Eames Lounge Chair, 1956
Designed in 1956 this icon of 20th century design created by the Eames to provide a modern alternative to traditional club chairs. Since its debut in 1956, the chair and ottoman have been continuously produced by Herman Miller (A leading global provider of office furniture) According toÂ Charles Eames, design is simply "a plan for arranging elements in such a way as to best accomplish a particular purpose." The chair was designed to be a relaxing comfortable chair . and in Charles Eames own words "a special refuge from the strains of modern living.". The first chair was a originally a gift for Billy wilder. The chair is also specially designed so that it can take all the weight of your lower spine helping you relax even more . And putting your feet up on the ottoman helps restore blood circulation after a hard days work. The materials used are natural wood such as natural cherry, walnut and santos palisander a rich grainy veneer. The chair is still very popular and is seen in many stylish interiors.
An insight into the past can be seen all around us, but the chair, an item so important to us, from the plastic mass produced ones you see in fast food chain shops to our old comfortable armchairs, they all hold so much more information about the history of design.
From the early designs and experimenting by Michael Thonet and his way of making bent wood chairs and furniture it would be hard to think that Charles Eames would have been able to go on to design his Lounge Chair. Then with Charles Eames designs and advances in production techniques and mass marketing of chairs it has become possible for everyone to have a classic piece of design history in their home or office. Or even own a reproduction of Charles Mackintosh's Ladder Back Chair for very little costs.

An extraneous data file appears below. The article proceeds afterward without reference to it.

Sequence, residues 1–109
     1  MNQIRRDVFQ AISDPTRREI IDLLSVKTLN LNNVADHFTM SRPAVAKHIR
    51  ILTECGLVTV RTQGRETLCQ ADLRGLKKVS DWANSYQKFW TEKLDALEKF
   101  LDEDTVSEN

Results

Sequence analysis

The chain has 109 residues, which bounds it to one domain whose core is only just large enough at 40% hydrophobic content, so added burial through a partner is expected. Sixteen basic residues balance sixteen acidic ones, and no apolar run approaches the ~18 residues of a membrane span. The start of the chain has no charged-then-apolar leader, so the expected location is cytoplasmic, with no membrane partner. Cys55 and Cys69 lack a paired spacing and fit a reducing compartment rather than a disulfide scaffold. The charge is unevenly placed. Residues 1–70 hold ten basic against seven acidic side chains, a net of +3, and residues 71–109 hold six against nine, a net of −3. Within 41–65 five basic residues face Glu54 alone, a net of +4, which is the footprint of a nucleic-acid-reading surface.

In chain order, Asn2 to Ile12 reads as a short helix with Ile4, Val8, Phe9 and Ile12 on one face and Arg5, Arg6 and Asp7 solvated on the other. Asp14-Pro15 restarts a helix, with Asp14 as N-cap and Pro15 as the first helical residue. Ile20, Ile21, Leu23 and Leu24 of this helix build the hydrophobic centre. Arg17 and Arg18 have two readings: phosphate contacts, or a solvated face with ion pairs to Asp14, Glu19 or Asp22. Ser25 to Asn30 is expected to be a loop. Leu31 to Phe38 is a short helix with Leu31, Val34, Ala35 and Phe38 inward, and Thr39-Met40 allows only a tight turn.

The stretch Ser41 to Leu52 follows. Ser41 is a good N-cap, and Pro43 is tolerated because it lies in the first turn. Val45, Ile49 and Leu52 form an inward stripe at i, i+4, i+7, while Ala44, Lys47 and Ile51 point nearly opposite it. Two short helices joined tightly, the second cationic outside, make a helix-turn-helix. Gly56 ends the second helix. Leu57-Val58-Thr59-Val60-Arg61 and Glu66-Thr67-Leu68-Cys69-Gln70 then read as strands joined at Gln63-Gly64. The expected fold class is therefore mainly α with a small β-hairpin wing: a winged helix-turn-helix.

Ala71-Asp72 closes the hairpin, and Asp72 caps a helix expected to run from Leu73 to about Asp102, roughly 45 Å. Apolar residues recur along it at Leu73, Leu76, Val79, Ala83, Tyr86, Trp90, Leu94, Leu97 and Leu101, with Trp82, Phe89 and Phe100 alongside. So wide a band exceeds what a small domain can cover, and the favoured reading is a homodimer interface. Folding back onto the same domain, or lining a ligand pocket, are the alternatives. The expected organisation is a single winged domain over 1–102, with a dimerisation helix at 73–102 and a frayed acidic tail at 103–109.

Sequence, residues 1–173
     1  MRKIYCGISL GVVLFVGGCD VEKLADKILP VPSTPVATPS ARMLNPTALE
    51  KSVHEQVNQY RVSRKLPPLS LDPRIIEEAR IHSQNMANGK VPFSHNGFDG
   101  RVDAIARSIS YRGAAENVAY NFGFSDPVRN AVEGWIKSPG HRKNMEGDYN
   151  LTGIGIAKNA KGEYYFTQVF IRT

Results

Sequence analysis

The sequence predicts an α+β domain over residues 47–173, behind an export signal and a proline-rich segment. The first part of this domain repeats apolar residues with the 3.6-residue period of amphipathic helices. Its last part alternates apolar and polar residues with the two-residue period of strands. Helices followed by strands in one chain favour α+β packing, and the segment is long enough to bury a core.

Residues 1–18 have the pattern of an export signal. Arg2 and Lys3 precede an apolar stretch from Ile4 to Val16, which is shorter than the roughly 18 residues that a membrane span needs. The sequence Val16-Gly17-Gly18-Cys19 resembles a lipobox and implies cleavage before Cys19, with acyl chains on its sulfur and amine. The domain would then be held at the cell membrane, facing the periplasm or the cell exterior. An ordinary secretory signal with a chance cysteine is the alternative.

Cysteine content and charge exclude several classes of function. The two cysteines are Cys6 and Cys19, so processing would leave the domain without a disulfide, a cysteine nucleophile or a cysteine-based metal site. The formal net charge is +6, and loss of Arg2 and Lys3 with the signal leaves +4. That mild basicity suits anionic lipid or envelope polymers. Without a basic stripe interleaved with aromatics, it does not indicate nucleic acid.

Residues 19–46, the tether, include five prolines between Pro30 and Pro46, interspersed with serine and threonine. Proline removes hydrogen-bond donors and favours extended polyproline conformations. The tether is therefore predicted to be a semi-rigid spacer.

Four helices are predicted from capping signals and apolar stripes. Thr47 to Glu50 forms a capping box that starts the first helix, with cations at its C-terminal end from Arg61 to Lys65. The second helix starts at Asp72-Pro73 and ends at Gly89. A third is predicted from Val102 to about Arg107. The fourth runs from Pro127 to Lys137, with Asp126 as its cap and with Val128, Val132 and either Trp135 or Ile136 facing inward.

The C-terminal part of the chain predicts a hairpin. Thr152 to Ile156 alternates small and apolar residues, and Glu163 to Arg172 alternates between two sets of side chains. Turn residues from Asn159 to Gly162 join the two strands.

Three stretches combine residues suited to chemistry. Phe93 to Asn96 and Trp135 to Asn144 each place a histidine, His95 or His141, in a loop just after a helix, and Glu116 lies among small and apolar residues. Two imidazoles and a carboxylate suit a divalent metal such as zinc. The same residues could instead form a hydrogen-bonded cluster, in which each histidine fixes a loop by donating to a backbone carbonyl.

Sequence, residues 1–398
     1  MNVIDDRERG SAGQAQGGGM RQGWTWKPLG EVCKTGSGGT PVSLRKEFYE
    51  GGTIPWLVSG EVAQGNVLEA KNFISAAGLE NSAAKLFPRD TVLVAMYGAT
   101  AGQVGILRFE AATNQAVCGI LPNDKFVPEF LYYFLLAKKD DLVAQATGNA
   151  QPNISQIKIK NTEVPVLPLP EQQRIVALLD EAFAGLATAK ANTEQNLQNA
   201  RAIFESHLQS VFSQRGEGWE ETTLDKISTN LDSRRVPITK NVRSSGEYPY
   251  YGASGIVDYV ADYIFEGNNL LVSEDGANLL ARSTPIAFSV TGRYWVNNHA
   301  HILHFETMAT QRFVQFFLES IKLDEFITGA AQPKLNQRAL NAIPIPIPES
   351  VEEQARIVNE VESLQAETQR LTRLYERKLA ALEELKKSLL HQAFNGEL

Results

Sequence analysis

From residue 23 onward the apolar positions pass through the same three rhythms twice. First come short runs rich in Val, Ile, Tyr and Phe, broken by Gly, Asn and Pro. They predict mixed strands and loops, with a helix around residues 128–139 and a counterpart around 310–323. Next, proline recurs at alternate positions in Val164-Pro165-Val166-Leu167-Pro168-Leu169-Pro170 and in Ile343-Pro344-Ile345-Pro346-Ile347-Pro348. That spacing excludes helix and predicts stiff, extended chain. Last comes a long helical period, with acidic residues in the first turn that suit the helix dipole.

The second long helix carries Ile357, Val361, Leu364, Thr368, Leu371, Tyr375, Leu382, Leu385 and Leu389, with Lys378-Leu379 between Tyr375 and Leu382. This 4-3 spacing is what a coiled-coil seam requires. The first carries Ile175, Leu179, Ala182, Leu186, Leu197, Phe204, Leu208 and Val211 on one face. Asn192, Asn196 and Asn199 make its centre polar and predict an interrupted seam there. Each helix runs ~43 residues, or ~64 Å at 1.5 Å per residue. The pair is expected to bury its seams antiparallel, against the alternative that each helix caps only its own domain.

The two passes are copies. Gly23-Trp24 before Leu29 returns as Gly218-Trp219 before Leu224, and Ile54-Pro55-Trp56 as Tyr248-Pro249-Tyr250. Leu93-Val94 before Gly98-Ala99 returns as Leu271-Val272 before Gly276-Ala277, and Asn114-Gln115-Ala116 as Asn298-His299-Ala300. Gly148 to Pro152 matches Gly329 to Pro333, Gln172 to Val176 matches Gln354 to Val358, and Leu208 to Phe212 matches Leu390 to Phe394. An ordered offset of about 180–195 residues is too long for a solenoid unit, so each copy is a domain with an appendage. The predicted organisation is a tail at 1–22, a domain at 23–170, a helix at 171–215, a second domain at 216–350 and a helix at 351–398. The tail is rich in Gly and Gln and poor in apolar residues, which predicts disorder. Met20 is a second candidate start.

The type of chair that someone chooses for their home can in say a lot about them. Victorian styles show that a person prefers the older styles. Art Deco has bright colours and geometric shapes. With most people, the most important factor to consider when choosing a chair other than the colour or style is comfort. If someone was suffering from back problems, for example they might require a designer to design a chair to suit their needs. When someone chooses a modern chair design for the office or in his or her home it says there forward thinkers, with modern tastes. So for an everyday object to so often go unnoticed is a shame, the chosen design and style of chair someone chooses can say allot more and can be I think a very good illustration of their personality.